Funding cuts to FE have led to an increase in class sizes, with groups in some cases too large to fit in their classrooms, a union conference has heard.
At the University and College Union annual congress in Harrogate, further education members passed a motion, tabled by delegates from Kirklees College, calling for the union to oppose increases in class size for “purely economic reasons”. The union should also campaign to ensure that class size increases do not disadvantage disabled staff or students.
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'Stack them high'
Speaking on the motion, one delegate told the audience that management at her college “don't care about the quality, they just want to stack them high”.
“I have seen students standing around the room, using windowsills as desks, because they physically cannot fit them in," she added.
The motion, passed unanimously by FE delegates, said: “Due to the funding situation in FE, management and other bodies such as the FE commissioners are constantly looking for efficiency savings. One method is to increase class sizes without increasing the resources available. Many departments are given targets in this area. This results in the cancelling of courses and groups, potential job losses, an increase in workload and a reduction in the quality of teaching and learning.”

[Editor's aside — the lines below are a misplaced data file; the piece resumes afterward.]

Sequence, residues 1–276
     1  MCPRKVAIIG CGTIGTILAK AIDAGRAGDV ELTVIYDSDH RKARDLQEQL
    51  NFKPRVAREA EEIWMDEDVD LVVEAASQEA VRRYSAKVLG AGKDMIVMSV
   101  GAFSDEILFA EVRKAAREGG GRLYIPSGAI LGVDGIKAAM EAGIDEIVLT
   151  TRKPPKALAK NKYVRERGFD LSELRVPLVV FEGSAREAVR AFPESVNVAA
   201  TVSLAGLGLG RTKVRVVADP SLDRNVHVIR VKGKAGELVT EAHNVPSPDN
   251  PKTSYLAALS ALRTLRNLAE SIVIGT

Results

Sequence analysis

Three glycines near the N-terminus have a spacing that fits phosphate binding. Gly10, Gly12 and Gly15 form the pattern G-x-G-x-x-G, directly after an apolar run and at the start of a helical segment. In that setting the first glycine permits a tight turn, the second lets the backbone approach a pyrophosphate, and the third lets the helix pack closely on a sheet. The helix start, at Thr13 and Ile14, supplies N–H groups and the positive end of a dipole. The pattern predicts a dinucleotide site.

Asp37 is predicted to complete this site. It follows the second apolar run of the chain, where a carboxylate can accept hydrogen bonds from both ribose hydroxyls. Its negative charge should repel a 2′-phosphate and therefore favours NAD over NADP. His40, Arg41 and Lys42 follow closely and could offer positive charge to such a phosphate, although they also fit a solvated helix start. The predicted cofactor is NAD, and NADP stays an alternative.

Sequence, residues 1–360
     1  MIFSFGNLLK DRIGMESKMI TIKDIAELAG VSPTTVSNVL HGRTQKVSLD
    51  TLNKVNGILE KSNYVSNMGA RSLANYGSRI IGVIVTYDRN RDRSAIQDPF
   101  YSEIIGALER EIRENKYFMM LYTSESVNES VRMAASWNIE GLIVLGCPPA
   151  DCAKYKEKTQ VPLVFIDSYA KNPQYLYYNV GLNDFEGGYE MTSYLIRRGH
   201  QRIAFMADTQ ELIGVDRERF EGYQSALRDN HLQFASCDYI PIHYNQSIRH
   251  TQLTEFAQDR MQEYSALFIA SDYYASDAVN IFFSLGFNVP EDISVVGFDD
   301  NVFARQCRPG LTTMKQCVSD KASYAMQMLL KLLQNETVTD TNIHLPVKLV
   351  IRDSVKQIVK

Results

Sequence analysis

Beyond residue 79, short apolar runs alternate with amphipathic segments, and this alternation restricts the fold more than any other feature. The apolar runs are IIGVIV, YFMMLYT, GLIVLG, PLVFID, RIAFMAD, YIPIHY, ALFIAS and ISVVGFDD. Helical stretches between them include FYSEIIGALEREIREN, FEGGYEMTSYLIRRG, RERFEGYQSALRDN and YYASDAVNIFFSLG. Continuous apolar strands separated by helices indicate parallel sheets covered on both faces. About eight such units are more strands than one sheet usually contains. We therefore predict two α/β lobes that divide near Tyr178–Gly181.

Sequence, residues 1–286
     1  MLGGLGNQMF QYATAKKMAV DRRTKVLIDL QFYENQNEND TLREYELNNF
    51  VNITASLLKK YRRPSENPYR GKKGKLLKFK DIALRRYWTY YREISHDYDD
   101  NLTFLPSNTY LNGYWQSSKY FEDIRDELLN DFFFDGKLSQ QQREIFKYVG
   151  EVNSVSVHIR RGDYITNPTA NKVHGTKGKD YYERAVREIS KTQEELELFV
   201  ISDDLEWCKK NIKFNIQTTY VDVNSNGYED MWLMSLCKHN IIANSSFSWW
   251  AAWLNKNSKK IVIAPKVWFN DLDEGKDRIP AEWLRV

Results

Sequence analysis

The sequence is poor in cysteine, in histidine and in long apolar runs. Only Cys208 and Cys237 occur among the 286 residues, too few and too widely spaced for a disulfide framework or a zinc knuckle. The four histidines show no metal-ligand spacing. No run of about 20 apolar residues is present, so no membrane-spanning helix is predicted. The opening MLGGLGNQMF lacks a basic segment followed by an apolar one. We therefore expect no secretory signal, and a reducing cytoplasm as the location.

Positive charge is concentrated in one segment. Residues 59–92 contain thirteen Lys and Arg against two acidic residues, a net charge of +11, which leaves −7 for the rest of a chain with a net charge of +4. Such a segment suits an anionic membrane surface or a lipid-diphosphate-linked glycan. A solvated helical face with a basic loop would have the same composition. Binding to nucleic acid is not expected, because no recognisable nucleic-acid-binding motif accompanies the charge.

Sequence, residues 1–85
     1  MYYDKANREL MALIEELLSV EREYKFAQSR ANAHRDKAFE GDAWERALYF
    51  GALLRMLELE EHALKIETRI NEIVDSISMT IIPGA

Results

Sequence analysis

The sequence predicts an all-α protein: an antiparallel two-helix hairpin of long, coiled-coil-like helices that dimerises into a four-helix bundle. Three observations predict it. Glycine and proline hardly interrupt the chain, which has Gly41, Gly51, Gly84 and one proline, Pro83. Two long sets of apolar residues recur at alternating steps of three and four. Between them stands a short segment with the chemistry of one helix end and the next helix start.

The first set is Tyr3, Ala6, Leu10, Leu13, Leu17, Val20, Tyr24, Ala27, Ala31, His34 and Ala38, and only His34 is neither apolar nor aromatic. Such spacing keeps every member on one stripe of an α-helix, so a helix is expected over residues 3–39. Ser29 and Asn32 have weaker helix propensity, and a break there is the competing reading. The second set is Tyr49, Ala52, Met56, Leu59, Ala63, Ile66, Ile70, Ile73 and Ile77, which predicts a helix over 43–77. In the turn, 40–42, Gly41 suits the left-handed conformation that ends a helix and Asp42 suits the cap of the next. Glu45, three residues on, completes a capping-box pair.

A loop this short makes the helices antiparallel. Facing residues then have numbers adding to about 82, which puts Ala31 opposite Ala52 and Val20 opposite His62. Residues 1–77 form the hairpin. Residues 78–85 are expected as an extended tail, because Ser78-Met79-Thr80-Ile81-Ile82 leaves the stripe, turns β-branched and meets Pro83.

'More with less'
It concluded this was “another example of FE professionals being asked to do more with less”.
The motion recognised that smaller class sizes were part of the unique nature of FE that allowed students to thrive who had not done so in school” – among them learners with disabilities – and said that “larger classes with fewer resources were yet another example of lecturers facing increased workload for no more reward”. An amendment to the motion also called for an acknowledgement of the fact that “larger class sizes are being used as a mechanism to make staff redundant”.
This sort of exaggeration is unhelpful. There are very few extremely large classes in colleges, benchmarking tends to show average actual attendance is about 12-14 in a class— Ian Pryce CBE (@ipryce) May 26, 2019
However, responding on Twitter, Bedford College principal Ian Pryce said large class sizes like the ones mentioned by delegates were an exception, and the average much lower.